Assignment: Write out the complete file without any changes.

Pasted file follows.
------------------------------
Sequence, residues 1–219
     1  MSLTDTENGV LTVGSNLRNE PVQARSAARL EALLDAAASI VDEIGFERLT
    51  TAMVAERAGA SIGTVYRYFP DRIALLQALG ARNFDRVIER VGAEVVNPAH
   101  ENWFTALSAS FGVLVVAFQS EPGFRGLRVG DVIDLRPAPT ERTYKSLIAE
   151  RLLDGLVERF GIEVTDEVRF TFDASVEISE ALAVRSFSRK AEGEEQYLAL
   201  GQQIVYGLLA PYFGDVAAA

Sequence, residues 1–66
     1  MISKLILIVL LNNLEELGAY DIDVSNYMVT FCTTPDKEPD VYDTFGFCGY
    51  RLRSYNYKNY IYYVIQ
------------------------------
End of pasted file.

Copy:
Sequence, residues 1–219
     1  MSLTDTENGV LTVGSNLRNE PVQARSAARL EALLDAAASI VDEIGFERLT
    51  TAMVAERAGA SIGTVYRYFP DRIALLQALG ARNFDRVIER VGAEVVNPAH
   101  ENWFTALSAS FGVLVVAFQS EPGFRGLRVG DVIDLRPAPT ERTYKSLIAE
   151  RLLDGLVERF GIEVTDEVRF TFDASVEISE ALAVRSFSRK AEGEEQYLAL
   201  GQQIVYGLLA PYFGDVAAA

Sequence, residues 1–66
     1  MISKLILIVL LNNLEELGAY DIDVSNYMVT FCTTPDKEPD VYDTFGFCGY
    51  RLRSYNYKNY IYYVIQ